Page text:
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12 January 2022

Final advice from the Discoveries 2022 judges

by Discoveries Author Interviews, Discoveries, From the Agents, Writing Tips

CBC and Curtis Brown are proud to be partnering with the Women’s Prize Trust and Audible to run Discoveries, a writing development prize and programme, which offers practical support and encouragement to aspiring female novelists of all ages and backgrounds, from across the UK and Ireland.

The final week for you to send in your submission to Discoveries 2022 is here – be sure to enter via the submissions portal by 11:59pm on 17 January 2022.

Discoveries invites unpublished women writers from across the UK and Ireland to submit the opening of a novel in English, of up to 10,000 words. Unlike most initiatives of this kind, writers are not required to have finished their novel, and Discoveries is completely free to enter.

The winner will be offered representation by Curtis Brown Literary Agency and a cash prize of £5,000, plus the opportunity to workshop their manuscript with an Audible commissioning editor. All 16 longlisted writers will join a bespoke, two-week online Discoveries Writing Development Course taught by author and CBC tutor Charlotte Mendelson (shortlisted for the Women’s Prize for Fiction in 2008 with When We Were Bad). All 16 writers will also receive an annual Audible subscription. Read more about the full selection of prizes on offer to longlisted and shortlisted writers here.

The 2022 judging panel will be chaired by Kate Mosse, international bestselling novelist and Founder Director of the Women’s Prize, and includes esteemed writers Ayisha Malik and Irenosen Okojie, Curtis Brown literary agent Lucy Morris, and Anna Davis, Founder and MD of CBC.

Here the judges share their thoughts on why you should enter Discoveries and what you can do to make your entry stand out…

Why you should enter

ANNA DAVIS: Why should you enter Discoveries? Well, why not? Put yourself out there – you never know where it might lead. You could end up on a fantastic writing course, you could end up winning representation. But if you don’t, you could nonetheless still produce something that is meaningful to you and that sets you on a path with your writing – and helps you to take your writing seriously.

LUCY MORRIS: It’s free to enter and you don’t need to have finished the novel – just to have started one, and have some idea of where you’d like it to go.

AYISHA MALIK: It’s an opportunity to finally be heard – to test your own personal boundaries as well, and to be vulnerable and get that support that you might be lacking.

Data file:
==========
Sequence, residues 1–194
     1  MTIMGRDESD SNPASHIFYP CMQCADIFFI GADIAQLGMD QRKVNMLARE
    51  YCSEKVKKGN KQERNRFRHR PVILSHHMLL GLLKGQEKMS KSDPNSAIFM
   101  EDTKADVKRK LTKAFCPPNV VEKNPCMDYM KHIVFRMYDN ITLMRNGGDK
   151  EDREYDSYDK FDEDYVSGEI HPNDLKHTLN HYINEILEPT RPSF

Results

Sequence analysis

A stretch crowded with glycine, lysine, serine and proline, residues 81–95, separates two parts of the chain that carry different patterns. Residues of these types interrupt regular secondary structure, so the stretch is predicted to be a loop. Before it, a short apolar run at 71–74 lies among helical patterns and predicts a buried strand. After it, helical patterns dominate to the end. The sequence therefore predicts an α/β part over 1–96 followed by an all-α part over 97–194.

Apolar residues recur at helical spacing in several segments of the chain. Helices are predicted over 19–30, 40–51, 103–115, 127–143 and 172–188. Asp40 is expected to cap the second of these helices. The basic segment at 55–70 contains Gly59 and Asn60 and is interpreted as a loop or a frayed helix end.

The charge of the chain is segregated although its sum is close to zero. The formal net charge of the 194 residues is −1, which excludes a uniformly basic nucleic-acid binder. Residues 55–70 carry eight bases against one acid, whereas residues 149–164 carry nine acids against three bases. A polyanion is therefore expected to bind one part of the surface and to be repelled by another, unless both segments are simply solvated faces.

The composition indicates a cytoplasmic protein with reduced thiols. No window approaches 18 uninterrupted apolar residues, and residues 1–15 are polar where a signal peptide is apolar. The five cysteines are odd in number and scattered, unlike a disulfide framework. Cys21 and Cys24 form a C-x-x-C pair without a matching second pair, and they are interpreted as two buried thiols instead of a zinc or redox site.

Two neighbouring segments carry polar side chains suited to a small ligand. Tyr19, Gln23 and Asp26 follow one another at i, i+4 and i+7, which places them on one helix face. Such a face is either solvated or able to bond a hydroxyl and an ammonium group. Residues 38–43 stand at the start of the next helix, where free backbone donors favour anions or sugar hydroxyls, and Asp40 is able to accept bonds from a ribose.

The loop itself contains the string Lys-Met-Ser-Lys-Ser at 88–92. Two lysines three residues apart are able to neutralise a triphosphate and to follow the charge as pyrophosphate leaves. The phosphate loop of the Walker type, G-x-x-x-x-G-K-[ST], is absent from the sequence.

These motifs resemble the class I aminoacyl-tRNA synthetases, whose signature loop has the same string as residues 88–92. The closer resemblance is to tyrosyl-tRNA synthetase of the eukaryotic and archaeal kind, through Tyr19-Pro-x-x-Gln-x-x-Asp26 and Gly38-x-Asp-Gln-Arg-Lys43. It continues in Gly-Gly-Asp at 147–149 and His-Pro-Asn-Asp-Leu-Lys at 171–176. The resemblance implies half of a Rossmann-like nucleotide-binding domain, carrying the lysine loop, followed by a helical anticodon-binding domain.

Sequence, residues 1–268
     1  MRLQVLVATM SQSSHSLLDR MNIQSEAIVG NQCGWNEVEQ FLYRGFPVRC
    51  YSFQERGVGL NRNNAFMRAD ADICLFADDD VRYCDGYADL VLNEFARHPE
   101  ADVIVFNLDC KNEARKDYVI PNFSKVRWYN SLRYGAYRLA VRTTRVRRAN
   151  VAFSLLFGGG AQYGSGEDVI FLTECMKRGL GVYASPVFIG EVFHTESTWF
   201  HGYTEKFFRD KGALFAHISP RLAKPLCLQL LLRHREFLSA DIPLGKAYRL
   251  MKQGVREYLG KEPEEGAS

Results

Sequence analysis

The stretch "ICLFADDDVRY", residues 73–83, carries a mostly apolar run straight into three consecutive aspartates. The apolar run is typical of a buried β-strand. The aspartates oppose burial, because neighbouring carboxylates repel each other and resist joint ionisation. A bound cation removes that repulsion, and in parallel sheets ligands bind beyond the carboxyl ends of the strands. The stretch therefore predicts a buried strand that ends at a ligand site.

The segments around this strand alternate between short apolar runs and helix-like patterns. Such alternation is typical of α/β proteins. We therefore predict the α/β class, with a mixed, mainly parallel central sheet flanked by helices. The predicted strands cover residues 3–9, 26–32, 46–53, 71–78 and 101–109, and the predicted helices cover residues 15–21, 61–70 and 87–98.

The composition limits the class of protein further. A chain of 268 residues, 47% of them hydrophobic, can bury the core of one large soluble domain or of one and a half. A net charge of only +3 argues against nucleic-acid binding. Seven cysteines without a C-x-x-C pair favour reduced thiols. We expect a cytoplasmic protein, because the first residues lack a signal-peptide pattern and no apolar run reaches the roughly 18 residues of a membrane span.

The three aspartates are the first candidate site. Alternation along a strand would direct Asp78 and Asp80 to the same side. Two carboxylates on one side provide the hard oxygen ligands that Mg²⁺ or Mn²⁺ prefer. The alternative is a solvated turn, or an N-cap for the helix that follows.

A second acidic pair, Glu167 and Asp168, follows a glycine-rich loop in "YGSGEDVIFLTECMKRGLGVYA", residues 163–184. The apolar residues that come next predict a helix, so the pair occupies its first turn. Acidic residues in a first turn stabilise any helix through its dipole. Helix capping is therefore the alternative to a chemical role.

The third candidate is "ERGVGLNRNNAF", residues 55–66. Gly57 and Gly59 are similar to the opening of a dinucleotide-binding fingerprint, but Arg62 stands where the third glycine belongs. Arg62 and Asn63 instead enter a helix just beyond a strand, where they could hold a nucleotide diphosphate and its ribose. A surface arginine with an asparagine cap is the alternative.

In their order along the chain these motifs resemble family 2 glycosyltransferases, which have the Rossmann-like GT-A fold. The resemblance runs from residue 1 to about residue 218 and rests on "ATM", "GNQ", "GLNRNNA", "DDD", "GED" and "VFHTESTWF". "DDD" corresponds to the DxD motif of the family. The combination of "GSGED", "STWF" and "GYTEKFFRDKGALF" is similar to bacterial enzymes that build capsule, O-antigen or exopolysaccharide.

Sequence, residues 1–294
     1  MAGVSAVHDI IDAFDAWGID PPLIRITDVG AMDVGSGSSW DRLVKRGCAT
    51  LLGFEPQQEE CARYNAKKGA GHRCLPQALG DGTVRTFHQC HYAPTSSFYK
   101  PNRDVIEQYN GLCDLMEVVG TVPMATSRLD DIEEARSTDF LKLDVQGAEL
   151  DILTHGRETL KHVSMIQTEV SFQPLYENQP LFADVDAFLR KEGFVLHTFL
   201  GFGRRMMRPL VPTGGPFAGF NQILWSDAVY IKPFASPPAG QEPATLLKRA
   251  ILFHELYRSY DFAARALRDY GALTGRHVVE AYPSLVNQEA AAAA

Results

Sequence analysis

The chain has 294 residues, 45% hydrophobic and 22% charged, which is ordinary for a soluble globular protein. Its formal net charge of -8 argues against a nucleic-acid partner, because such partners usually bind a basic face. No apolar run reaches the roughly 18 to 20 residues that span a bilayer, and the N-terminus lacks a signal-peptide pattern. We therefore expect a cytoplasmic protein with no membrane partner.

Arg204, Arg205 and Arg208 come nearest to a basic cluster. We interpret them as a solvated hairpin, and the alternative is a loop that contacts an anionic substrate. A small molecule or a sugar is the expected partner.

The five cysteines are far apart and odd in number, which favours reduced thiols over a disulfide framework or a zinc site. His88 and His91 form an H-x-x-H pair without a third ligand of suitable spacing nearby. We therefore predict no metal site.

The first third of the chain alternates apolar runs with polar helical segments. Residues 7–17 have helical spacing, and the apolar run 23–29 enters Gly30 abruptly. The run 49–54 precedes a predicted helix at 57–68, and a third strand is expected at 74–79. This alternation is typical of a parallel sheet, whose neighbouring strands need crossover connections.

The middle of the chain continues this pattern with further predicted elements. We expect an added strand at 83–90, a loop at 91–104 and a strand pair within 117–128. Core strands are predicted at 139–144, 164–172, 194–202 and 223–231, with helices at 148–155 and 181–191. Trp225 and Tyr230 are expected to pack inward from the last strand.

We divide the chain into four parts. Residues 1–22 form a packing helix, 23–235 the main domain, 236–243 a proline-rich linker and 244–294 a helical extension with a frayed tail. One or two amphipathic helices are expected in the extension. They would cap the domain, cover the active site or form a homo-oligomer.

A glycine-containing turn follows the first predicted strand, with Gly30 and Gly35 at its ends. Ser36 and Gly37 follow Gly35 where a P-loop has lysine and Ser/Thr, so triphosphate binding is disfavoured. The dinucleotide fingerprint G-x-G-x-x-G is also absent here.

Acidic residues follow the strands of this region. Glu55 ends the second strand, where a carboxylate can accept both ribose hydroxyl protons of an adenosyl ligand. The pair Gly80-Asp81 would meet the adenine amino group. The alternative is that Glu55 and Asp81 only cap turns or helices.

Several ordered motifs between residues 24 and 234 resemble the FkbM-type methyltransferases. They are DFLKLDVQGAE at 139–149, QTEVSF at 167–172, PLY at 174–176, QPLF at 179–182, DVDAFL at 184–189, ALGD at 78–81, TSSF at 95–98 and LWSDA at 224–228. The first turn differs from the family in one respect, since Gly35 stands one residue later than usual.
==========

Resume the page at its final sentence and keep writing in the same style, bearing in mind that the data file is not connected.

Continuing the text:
IRENOSEN OKOJIE: I wish the opportunity existed when I was an emerging writer. I would have applied, so please just do it. Don’t think about it, just polish the work, get it in – and fingers crossed.

KATE MOSSE: Don’t put if off! There’s no excuse, get to your laptop whenever you can. Five minutes here, ten minutes there… 17 January is the closing date – so don’t be late! Just enter and see what you can do. You will never know unless you try.

What they’re looking for

KATE MOSSE: What we’re looking for in a winning entry is imagination, a different kind of voice, enthusiasm – we’re looking for promise and potential.

IRENSOEN OKOJIE: Quality, rich, lively writing that makes me excited to know what happens, that makes you feel immediately invested. I’m also looking for a narrative arc – we need that spine for the story.

AYISHA MALIK: A unique voice and unique style. It doesn’t necessarily have to be polished. Something that might make me laugh and cry at the same time.

ANNA DAVIS: I want to find compelling characters, exciting stories, great ideas, stylish writing… I don’t expect it all to be finished and polished – I just want something that’s going to make me want to read on.

LUCY MORRIS: We want to get into the worlds that you want to build. Characters that won’t let you go… And when you’ve got those first 10,000 words our hope is that the Discoveries programme will help you write the rest.

Editing your entry

ANNA DAVIS: When it comes to editing and polishing your work, my first tip is to print it out and read it on paper. There’s something about actually seeing your work on the page, rather than looking at a screen. Really try to sit back from it and see it the way that a reader would.

IRENOSEN OKOJIE: Read the work out loud. I think a lot of people don’t do that, and when you do, you can hear the rhythms in the sentences, you can listen for things that maybe don’t work.

AYISHA MALIK: Look at things like structure, and characterisation, and pacing. Are you following the classic three-act graph in your story? How are you adapting that in your chapters, and in your scenes, and even in your paragraphs?

LUCY MORRIS: So, there are little tricks you can do. You can change the font in your Word document. You can change the colour, or even the font size – and sometimes that can really help you spot those inconsistencies, those unanswered questions.

KATE MOSSE: If you are very sensible, you will double, double, double check before you send it in because it’s that old cliché: you’ve got one chance to make a first impression.


Find out more about Discoveries 2022 and how to enter. Entries close 17 Jan 2022.

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